I went out yesterday with a good friend of mine. We haven’t seen each other in a while so we treated ourselves to a morning of manicures and pedicures. I always enjoy our time together so I was really looking forward to it.
The funny thing is that we went to High School together but were never friends. We were friendly – just didn’t hang out in the same group. Later in life you find out how much you have in common with people and how fantastic they are and wish you knew all of this earlier so your friendships could’ve began earlier. Nonetheless, we are making up for lost time now. I have found this to be true with so many of you.
She is always genuinely concerned for my well being, checks in often and comments on my blog.
“How are you REALLY doing?”
“I’m okay. I’m not worse. I’m making better choices, I’m thinking things through and slowly making progress.”
She didn’t buy it. She even said that I didn’t sound convincing.
That’s what I love about her. That’s what I love about people. Friends that don’t buy my bullshit and call me out on it. Those that know me well, know me well.
I told her what I was saying is the truth. The reason for the lack of enthusiasm is because I just want it to be done, over and for me to be recovered. I get it. It’s a slllllllllooooooooooooowwwwwwwwwwww process and it will take time to get where I need to be, but I wish I could just snap my fingers and be at the finish line. There is so much I want to do with my recovery that I’m ready to be there. But, I must be patient. Rome wasn’t built in a day and my Eating Disorder has taken about 20 years to manipulate my life, so it will take time to get better. But I’m trying, I’m working, I’m determined and those are all of the things I need to have in order to be successful.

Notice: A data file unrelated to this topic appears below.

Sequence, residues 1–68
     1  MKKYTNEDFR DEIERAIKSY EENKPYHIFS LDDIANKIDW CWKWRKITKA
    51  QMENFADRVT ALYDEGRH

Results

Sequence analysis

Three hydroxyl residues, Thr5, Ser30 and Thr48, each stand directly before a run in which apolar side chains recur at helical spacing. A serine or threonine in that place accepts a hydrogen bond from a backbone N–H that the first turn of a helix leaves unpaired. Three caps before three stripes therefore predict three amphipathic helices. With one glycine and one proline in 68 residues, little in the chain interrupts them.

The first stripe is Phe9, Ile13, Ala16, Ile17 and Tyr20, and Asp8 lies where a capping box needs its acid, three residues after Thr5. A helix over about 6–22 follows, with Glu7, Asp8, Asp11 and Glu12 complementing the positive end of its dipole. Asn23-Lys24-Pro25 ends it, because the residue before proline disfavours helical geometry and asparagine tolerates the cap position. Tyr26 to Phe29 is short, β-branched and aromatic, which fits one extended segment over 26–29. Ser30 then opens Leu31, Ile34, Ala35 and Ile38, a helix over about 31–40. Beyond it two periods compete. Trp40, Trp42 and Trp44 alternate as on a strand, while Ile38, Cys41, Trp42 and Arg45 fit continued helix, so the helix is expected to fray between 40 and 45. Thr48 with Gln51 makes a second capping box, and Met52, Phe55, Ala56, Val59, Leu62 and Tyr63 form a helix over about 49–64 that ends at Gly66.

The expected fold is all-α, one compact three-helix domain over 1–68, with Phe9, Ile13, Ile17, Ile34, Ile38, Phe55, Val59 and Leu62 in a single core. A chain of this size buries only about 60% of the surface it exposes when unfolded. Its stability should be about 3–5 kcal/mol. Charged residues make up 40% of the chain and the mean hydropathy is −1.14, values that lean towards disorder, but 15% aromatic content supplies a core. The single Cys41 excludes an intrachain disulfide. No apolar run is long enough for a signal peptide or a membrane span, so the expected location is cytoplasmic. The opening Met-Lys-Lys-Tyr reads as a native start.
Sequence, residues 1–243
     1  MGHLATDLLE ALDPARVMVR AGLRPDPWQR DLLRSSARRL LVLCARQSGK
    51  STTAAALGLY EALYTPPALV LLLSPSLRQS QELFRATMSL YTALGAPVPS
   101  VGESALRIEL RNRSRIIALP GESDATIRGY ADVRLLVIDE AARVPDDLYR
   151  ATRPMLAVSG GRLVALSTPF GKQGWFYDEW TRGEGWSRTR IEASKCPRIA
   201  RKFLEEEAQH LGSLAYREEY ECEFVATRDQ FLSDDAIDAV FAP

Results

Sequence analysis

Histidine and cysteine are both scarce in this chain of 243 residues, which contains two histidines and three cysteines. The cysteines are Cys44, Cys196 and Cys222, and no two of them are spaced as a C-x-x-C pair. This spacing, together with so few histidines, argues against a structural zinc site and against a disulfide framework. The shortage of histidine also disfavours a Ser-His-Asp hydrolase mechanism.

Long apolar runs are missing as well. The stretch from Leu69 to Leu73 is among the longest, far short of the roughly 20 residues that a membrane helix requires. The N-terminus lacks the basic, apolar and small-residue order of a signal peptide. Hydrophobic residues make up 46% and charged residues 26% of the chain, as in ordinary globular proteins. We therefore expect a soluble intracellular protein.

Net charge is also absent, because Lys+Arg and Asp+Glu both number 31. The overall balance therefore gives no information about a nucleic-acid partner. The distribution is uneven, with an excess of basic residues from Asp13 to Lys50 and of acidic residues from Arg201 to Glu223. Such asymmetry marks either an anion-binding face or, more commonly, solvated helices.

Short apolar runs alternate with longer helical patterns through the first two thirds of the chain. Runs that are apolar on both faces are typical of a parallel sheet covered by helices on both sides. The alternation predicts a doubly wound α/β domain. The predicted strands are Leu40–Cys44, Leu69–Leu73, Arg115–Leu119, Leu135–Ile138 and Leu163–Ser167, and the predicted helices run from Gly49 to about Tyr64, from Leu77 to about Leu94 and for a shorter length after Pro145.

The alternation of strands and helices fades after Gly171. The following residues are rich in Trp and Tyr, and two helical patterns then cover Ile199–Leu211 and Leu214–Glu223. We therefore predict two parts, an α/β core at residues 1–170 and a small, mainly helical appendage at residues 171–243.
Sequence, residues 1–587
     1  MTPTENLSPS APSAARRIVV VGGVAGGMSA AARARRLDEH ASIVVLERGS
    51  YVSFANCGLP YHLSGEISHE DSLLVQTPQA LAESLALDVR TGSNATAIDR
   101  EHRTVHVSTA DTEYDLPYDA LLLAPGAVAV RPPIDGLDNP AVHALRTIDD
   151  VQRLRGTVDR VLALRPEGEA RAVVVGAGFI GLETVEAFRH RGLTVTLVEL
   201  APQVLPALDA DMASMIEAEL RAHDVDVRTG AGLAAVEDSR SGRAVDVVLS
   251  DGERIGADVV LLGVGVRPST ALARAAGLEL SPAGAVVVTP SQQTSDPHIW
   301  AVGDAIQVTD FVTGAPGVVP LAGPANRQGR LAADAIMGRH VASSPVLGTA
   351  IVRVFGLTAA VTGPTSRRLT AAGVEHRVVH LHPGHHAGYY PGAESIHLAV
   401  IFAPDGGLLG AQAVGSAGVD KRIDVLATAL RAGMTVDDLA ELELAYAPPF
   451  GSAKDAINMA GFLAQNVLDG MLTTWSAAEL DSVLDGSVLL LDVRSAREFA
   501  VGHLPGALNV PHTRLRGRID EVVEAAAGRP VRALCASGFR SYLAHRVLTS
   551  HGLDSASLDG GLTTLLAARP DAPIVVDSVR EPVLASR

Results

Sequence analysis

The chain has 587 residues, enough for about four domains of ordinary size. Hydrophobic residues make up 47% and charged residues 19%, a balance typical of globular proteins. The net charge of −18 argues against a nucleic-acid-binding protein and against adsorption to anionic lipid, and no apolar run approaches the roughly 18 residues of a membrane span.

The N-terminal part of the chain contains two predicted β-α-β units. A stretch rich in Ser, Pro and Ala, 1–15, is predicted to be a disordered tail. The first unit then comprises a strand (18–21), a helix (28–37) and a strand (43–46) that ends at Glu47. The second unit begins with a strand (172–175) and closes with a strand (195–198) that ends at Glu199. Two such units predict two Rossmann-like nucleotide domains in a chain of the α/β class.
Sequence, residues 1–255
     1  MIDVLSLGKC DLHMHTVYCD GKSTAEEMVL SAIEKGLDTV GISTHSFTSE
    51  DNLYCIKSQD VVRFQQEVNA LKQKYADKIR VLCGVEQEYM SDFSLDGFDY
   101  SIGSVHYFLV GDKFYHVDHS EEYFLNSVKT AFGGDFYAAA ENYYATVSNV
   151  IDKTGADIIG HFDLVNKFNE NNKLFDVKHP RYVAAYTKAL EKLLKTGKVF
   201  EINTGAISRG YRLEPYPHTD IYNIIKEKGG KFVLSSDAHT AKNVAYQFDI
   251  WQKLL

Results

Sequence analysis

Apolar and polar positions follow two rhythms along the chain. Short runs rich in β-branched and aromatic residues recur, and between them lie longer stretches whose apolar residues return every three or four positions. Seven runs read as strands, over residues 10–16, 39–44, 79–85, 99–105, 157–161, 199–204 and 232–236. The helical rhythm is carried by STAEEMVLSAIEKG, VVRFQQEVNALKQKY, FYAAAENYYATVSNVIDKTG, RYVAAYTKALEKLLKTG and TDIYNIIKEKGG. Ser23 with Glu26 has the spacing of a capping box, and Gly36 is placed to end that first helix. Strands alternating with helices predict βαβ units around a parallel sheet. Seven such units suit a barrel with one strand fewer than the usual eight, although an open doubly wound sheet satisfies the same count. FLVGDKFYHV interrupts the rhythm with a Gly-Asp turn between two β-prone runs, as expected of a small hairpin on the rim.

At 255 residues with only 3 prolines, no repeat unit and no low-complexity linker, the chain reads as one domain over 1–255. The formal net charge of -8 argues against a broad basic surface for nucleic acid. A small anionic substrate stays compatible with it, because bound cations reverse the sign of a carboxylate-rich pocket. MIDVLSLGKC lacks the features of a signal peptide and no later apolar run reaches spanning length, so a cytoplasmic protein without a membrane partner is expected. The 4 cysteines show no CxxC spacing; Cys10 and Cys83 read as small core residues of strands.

I explained all of this and she was very happy and understood where I was coming from.
I know people don’t like asking or talking about it with me and that’s totally fine. I completely understand. But I know that each and every one of you reading this could be counted on whenever I wanted to talk, a shoulder to cry on or just to sit with me if I needed company. I am a very lucky person to have the friends and family I do. If I don’t say it enough,
“Thank you to all of you for your support and friendship. I know that my challenges have been difficult to watch and live with, but I promise to reserve a seat for each and every one of you at my first speaking engagement when I stand up in front of a sold out crowd talking about how I recovered from an Eating Disorder.”